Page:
In the guise of a beggar, Odysseus returned to Ithaca.
I scream, you scream, we all scream in our own special way. Recall the moments in summer when all the screaming stopped because a tinny bell was heard coming from a truck meandering? Ice cream, bomb pops, strawberry shortcake on a stick. And now, some guys named Ben & Jerry or a gal & two guys called Three Twins sell grown-up treats that take us away from the screaming of this world, so the summer for us is about a cool treat and time taken to relax with good poetry.
In his interview with Madeleine Beckman, Stanley Kunitz said, Poetry requires some sense of discontent, insecurity, danger. It’s been said that poetry is the language of crisis. I think of it as an adversary enterprise with respect to the mainstream of our culture. This "adversary enterprise" is woven throughout the poems in IthacaLit as we contemplate empathy in our myriad experiences, and how the state of our nation relates to our connections with people of all nations.
We hope you'll feel just as refreshed as a kid with a cone while reading the summer issue.
Michele Lesko, Editor
"A Monumental Journey" is a Memorial to the Country’s Groundbreaking Black Lawyers by Kerry James Marshall
An important moment in the ongoing push for racial equality has been immortalized by artist Kerry James Marshall, who on Thursday unveiled a monument in Des Moines, Iowa, to the pioneering group of African American lawyers who founded the National Bar Association.
The sculpture’s form—recognizably African but eschewing stereotypically bright colors and patterns—represents the importance of communication between groups of people, and both the need for and the difficulty in achieving a balanced justice system.
“The legal system is supposed to be organized to bring justice, but it’s never a simple or straightforward matter. It’s always more dynamic and more complicated than it seems to be on its face,” said Marshall, who has inscribed the base of the sculpture with the names of the National Bar Association founders. Sarah Cascone for ArtNet News, July 12, 2018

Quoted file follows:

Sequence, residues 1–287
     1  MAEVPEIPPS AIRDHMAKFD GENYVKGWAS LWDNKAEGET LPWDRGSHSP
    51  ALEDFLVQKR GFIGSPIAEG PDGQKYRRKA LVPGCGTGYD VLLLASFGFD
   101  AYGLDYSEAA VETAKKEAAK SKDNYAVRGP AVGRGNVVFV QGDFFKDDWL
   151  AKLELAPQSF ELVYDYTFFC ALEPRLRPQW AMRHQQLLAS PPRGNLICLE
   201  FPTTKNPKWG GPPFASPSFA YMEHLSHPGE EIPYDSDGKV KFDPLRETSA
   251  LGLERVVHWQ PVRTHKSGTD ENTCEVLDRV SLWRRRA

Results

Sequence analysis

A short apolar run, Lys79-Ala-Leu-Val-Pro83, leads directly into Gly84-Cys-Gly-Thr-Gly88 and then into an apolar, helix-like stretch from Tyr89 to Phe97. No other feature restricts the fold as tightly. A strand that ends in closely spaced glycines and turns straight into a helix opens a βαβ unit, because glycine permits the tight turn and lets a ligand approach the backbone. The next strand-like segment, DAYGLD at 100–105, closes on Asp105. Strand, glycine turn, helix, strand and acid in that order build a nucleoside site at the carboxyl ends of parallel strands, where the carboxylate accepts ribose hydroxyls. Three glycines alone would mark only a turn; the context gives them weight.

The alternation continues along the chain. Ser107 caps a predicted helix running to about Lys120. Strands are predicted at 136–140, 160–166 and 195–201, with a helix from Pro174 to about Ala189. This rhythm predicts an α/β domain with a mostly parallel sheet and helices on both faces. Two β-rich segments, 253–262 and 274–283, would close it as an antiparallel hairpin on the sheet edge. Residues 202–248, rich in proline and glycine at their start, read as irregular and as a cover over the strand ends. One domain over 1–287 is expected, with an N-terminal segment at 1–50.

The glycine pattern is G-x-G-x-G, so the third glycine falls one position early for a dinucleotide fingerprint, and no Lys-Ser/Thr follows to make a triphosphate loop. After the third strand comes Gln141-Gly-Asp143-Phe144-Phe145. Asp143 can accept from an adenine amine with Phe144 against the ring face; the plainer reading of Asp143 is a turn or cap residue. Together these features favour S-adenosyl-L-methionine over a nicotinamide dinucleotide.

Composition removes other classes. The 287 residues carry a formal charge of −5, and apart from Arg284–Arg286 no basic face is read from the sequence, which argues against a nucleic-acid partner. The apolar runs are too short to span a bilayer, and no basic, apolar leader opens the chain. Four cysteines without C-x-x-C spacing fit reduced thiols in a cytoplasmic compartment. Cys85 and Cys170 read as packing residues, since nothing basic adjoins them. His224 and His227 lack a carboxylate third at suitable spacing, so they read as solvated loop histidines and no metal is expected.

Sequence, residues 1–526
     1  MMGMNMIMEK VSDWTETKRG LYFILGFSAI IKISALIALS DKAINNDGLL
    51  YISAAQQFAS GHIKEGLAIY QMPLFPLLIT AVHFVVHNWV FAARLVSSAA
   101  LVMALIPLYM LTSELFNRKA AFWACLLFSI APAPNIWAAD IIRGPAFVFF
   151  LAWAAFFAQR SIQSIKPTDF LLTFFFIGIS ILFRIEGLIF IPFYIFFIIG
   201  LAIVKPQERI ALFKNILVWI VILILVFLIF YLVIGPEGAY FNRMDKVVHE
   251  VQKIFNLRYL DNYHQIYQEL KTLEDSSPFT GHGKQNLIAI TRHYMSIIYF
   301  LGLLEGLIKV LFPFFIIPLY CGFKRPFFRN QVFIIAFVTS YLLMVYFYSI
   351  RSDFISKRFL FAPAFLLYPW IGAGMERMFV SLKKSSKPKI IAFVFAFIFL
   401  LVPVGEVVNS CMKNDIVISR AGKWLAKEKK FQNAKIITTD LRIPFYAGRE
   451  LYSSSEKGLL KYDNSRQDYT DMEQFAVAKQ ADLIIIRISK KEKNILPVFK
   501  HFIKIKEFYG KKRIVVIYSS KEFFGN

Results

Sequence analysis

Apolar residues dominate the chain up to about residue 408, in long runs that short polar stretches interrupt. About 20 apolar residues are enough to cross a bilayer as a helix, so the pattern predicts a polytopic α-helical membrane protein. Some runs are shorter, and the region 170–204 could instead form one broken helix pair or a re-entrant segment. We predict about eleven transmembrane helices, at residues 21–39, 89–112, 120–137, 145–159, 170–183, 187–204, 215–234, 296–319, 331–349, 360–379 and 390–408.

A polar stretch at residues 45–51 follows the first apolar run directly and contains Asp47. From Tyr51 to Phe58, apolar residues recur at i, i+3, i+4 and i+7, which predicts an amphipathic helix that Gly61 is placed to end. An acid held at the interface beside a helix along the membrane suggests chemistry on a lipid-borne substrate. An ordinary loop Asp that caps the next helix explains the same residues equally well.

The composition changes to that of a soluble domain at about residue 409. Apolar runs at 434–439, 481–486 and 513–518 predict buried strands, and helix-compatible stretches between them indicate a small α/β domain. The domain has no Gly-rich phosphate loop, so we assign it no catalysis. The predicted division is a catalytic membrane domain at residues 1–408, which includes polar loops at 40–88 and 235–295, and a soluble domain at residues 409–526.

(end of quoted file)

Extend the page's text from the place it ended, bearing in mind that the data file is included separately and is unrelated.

In This Issue
Natalie Diaz, our Featured Poet, is a former professional athlete who attended Old Dominion University on a full athletic scholarship. In her collection, When My Brother was an Aztec, Diaz reflects on the effect of living in a nation that just about wiped out any trace of Native American language, history, and culture. She is Mojave, Pima, and Latina, and an enrolled member of the Gila River Indian Tribe. Diaz began the initiative to recover the Mojave language and worked as the Director of the Fort Mojave Language Recovery Program. She currently teaches at Arizona State University. Diaz said, in an interview with Judi Davis, "The larger message is that such efforts are not about 'saving' languages in an abstract sense, but rather about strengthening intergenerational relationships and community building." Tribal College Journal. May, 2013
Our Poets, the backbone of every issue, include Chaya Bhuvaneswar, Sidney Burris, Cat Dixon, Keith Dunlap, Cal Freeman, Jeannine Gailey, Kenneth Kesner, Donald Levering, Rita Mookerjee, Christine Potter, Evyan Roberts, and Reagan Upshaw.
Laury A. Egan reviews Karla Linn Merrifield's new book, Psyche's Scroll, published by The Poetry Box in June 2018. Merrifield is a seven-time Pushcart-Prize nominee and National Park Artist-in-Residence. She has nine books to her credit; Godwit: Poems of Canada (FootHills) received the 2009 Eiseman Award for Poetry, and she recently received the Dr. Sherwin Howard Award for the best poetry published in Weber - The Contemporary West in 2012. Visit her blog, Vagabond Poet.
Spokes of an Uneven Wheel by Colin Dods published by Main Street Rag Publishing came out in July 2018. One of his own lines comes to mind:“What persists / is glad amazement.” His work consistently delights with humor, inventiveness, a blessed dose of sarcasm and, yes, wisdom (despite his best intentions). We are all “born for that other thing,” and this is that other thing.
Sharon Mesmer, author, Greetings from My Girlie Leisure Place
Colin Dodds is the author of several novels, including WINDFALL and The Last Bad Job, which the late Norman Mailer touted as showing “something that very few writers have; a species of inner talent that owes very little to other people.” He lives in Brooklyn, New York, with his wife and daughter. You can find more of his work at thecolindodds.com.